This is a double lesson recap as I rode on Thursday AND Sunday. Woohoo! I’m seriously in love with Bob! He’s a character. A baby faced, teenaged (13ish) character. He figuring out he can’t bite me (I bite back), is HIGHLY disappointed that he gets smacked when he tries to bite me, and now only halfheartedly tries to “bite” me. It’s sort of amusing. He looks as me, moves closer and closer, and ultimately bites at the air. And get tapped for it. Then sighs, defeated. This is the same horse I was originally told to get from his stall with a crop so he knew not to eat me alive… Bottle babies… Lol. I will say, for all his mouthiness, he actually takes treats like a gentleman, unlike a certain RANGER pony who tries to fit my entire hand in his mouth… Bob eat each treat separately, chews, then gently takes the next?!?!?! Go figure. I’d feed him in his bucket except he’s SO gentle. Probably because he’s scared of me now.

So lessons. Thursday we rode in the dark under the lights because FALL. Fall sucks. I was tired and having breathing issues. But, our flat work was decent AND we successfully mastered out changes this lesson! So much so that I even asked for them after a few fences. Who am I? Lol. We had one stop because I forgot what I was doing and where I was going and basically was a complete space cadet, but it really wasn’t Bob’s fault. I was user error. 100%. I approached the outside single (the ONE fence in the ring that I’m not concerned about) still thinking about my turn rather than riding to the fence and forgot to squeeze and Bob said, “wait, what? do you want me to jump? You’re not really here…” so we didn’t.  A quick kick (just because we’re trying to train him to take riders over even if they forget to keep leg on 100% of the time) and reapproach, and it was fine.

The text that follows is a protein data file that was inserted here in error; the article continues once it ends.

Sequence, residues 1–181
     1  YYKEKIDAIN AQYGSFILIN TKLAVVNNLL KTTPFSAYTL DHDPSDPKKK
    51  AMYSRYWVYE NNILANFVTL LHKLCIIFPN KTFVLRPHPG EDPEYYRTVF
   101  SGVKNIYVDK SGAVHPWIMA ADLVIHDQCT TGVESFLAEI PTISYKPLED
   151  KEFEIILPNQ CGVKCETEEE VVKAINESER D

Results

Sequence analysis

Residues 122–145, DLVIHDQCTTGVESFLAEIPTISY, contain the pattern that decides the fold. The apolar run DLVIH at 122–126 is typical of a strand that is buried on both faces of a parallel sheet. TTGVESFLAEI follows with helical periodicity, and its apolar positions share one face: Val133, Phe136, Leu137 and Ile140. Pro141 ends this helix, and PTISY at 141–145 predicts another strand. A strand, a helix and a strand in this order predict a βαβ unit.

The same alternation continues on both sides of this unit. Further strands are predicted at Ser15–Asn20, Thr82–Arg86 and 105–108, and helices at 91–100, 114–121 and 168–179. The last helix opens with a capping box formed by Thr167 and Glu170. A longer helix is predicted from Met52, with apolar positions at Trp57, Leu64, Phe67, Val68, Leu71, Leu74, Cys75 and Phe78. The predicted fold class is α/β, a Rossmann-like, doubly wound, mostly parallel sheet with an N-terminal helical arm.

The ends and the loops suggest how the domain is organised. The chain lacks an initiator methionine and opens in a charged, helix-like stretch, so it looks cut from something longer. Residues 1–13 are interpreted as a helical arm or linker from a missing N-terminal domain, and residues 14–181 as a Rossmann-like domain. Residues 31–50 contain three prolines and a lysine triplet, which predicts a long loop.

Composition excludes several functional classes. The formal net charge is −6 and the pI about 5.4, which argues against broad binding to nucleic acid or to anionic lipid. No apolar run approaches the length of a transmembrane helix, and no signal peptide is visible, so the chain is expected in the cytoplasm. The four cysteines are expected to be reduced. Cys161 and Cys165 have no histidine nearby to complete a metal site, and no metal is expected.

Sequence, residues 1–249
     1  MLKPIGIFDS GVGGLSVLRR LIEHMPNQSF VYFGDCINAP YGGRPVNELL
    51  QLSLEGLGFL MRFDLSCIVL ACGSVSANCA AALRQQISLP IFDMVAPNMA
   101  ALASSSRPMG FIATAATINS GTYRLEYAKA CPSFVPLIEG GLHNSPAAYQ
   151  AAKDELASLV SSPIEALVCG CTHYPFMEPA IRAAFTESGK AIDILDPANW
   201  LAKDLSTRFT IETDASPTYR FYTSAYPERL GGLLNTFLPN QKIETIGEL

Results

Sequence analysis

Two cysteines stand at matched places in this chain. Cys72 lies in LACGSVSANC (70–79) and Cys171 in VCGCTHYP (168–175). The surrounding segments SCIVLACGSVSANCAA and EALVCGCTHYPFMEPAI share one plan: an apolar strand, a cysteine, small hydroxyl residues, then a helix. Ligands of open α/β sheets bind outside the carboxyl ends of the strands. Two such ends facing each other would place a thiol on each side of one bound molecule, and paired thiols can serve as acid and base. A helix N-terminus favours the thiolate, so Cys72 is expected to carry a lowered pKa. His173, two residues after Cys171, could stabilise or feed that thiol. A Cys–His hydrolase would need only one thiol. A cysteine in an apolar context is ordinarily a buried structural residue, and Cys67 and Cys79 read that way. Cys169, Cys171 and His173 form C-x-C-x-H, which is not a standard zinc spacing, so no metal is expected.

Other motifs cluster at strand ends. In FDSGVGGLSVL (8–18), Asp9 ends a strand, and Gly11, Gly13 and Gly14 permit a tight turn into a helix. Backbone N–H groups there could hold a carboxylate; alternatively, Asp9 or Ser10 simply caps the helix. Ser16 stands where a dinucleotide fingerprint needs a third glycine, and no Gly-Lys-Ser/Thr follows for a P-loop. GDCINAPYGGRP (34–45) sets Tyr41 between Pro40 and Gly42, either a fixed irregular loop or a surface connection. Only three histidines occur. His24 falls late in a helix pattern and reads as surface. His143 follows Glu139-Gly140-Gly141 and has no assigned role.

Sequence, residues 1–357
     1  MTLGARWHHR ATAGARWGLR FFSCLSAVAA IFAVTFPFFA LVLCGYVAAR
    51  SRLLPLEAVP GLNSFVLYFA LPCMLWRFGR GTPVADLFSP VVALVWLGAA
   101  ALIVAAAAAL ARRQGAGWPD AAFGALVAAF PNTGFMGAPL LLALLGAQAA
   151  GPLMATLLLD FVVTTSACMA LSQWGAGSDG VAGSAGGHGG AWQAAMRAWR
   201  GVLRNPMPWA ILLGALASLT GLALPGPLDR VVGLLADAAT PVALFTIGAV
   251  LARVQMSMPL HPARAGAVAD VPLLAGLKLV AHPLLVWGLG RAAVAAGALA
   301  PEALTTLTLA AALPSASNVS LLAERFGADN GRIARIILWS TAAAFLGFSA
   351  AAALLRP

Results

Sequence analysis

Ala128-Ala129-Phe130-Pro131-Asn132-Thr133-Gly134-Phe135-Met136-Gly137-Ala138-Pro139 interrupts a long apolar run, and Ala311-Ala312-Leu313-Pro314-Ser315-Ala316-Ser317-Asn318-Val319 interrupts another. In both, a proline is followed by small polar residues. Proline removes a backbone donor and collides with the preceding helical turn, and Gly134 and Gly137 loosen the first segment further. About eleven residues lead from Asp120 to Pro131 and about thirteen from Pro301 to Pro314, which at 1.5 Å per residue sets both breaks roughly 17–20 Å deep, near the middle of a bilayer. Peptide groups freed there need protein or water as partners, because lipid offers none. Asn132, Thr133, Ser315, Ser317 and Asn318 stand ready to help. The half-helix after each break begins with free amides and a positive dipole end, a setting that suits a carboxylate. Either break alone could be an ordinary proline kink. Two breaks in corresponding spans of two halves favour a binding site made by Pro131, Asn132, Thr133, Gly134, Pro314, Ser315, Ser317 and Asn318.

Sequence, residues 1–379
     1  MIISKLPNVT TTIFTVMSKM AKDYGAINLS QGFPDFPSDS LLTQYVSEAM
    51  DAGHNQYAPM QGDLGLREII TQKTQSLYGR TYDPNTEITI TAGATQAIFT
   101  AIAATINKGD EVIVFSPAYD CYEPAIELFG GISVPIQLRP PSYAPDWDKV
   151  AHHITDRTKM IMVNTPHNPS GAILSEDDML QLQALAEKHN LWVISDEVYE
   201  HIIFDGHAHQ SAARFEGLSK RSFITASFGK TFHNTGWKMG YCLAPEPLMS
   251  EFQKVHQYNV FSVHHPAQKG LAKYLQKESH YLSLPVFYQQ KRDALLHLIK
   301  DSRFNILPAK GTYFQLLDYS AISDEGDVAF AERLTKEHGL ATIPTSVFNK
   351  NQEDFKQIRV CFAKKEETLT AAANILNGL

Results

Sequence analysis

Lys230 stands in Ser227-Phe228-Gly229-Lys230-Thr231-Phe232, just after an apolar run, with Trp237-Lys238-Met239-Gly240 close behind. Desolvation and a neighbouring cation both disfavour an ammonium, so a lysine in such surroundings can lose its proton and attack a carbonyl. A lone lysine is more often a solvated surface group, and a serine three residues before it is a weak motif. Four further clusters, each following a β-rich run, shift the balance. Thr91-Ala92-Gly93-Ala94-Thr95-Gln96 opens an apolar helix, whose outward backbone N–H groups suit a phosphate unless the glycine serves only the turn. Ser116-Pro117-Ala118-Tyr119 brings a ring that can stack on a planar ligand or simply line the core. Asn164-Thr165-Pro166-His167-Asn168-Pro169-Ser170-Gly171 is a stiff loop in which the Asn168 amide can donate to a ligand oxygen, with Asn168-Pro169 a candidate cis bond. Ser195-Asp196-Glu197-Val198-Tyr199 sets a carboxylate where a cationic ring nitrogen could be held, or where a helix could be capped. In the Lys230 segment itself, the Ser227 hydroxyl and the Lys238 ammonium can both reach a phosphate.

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unfortunately, he’s a cribber..

We also did our first line. Basically, it appears with Bob, you ride each jump as a single. So, leg to the first, land, woah, collect, leg. Nice, easy, no hesitation. And, as long as I stay back with my body and add leg, he’ll jump anything. Which I learned when we came up to our inside single which was some jump with massive (I mean MASSIVE) pink flowers that Bob really looked at. But, I kept squeezing so he said OK and jumped in slow motion. (our second trip over was fine).